UK art punks Shopping craft songs that are all shimmy and head bob, sparse guitar over driving drums. It’s fun, and it’s danceable, and it’s perhaps the best pure post-punk on offer. There’s a tenseness to the songwriting and clear DIY sensibilities, but at the end of the day, the warm bass and spinning, single-note guitar beckons. It’s the kind of music that can convince the most stone-faced punk to fill in those gaps in the spacious songs with hip shakes and hand claps.
Apologies, i have none (London)
With songs built for raised hands and collective choruses, Apologies, i have none live in the same mid-tempo punk world as Iron Chic and Red City Radio, with just as many inescapable hooks and shout-along sensibilities. Their debut full-length, London, is solid from the first note, but “Sat in Vicky Park” is the real star: A heartfelt ode to sunny days in Hackney, the 26 bus, and that other traditional British staple, Grade’s Under the Radar.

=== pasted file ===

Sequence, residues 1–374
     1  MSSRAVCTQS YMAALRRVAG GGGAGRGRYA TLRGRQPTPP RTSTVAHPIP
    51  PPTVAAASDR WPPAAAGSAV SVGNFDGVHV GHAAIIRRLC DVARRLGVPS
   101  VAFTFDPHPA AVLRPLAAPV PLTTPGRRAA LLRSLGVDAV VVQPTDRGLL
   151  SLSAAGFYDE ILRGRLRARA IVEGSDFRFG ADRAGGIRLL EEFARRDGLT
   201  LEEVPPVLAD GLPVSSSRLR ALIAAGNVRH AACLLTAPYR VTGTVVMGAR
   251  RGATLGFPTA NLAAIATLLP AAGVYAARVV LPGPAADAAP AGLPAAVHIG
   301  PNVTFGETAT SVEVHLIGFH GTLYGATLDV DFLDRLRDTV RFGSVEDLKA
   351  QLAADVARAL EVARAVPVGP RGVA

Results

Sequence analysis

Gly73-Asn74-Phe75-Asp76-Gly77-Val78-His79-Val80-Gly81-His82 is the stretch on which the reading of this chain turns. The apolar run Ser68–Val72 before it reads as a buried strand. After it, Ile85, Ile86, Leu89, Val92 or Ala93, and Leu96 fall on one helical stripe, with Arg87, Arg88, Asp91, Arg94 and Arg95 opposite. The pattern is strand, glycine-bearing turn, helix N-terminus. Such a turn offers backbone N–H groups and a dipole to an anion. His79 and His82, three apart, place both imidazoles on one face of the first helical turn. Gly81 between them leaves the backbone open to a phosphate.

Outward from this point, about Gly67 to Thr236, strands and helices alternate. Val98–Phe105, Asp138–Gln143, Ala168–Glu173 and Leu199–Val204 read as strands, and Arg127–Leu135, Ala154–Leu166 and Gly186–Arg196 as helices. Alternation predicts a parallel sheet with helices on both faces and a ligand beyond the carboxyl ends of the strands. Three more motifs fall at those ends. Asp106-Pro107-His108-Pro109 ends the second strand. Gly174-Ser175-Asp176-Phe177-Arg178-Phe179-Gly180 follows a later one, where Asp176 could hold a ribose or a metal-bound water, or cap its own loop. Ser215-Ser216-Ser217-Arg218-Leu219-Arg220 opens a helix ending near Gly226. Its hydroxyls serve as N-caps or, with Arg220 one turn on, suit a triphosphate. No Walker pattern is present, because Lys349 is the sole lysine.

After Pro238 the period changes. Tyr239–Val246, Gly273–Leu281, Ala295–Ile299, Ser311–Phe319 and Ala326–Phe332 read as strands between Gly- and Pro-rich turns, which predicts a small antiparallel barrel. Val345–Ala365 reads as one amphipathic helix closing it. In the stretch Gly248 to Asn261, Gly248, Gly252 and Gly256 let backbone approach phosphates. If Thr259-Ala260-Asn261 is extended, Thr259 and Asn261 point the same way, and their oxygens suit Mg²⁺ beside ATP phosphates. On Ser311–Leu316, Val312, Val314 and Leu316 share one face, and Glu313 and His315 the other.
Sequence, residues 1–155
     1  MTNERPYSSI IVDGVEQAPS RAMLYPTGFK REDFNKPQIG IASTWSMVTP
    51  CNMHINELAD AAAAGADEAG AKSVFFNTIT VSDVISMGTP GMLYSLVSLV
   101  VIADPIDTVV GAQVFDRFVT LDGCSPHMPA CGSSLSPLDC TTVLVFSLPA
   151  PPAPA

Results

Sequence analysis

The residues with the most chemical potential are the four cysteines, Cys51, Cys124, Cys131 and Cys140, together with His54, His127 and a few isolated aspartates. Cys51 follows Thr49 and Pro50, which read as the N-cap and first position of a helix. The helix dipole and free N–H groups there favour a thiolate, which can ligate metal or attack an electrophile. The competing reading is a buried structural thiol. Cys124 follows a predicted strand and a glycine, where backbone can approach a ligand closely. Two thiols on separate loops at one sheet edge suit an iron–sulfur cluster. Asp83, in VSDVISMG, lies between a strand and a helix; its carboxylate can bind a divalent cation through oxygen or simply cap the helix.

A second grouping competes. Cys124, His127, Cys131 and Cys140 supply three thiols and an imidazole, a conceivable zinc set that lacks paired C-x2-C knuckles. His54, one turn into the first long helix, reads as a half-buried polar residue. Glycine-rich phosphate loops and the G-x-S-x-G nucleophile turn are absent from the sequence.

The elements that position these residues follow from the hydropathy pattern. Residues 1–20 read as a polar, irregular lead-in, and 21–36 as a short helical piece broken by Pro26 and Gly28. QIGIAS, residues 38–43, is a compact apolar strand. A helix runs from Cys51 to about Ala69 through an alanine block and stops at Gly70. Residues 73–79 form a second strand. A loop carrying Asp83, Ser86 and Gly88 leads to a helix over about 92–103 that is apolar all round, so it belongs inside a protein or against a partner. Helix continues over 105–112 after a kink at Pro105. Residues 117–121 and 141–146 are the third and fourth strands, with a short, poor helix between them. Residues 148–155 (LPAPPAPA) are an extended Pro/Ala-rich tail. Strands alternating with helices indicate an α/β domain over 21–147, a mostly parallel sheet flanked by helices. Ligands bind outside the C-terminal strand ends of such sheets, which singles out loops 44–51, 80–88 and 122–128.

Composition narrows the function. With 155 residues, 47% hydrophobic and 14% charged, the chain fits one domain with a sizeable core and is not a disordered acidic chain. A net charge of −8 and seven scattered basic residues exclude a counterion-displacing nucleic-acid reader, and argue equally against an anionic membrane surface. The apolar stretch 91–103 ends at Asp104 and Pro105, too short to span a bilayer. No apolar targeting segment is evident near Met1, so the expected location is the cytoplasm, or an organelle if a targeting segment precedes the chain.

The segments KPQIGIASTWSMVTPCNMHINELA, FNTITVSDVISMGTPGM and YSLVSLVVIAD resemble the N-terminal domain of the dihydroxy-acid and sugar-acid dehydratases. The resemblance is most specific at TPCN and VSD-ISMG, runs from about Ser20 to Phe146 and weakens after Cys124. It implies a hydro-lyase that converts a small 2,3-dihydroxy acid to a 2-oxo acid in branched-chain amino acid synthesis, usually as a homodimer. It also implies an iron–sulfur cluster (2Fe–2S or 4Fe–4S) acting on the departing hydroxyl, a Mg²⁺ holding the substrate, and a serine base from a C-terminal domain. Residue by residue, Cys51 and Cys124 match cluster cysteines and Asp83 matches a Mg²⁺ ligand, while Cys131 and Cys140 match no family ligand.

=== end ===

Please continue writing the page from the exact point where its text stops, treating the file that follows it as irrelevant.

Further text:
Bear Trade (North East England)
There are British bands, and then there are BRITISH bands. and Bear Trade is a proudly capitalized BRITISH band. With their thickest of Northern England accents, the band sounds like what would happen if you took some of America's best gruff, melodic punk bands and slapped some Brit slang on them.
Ron Knox is on Twitter, reading up on the Royal family - @ronmknoxDC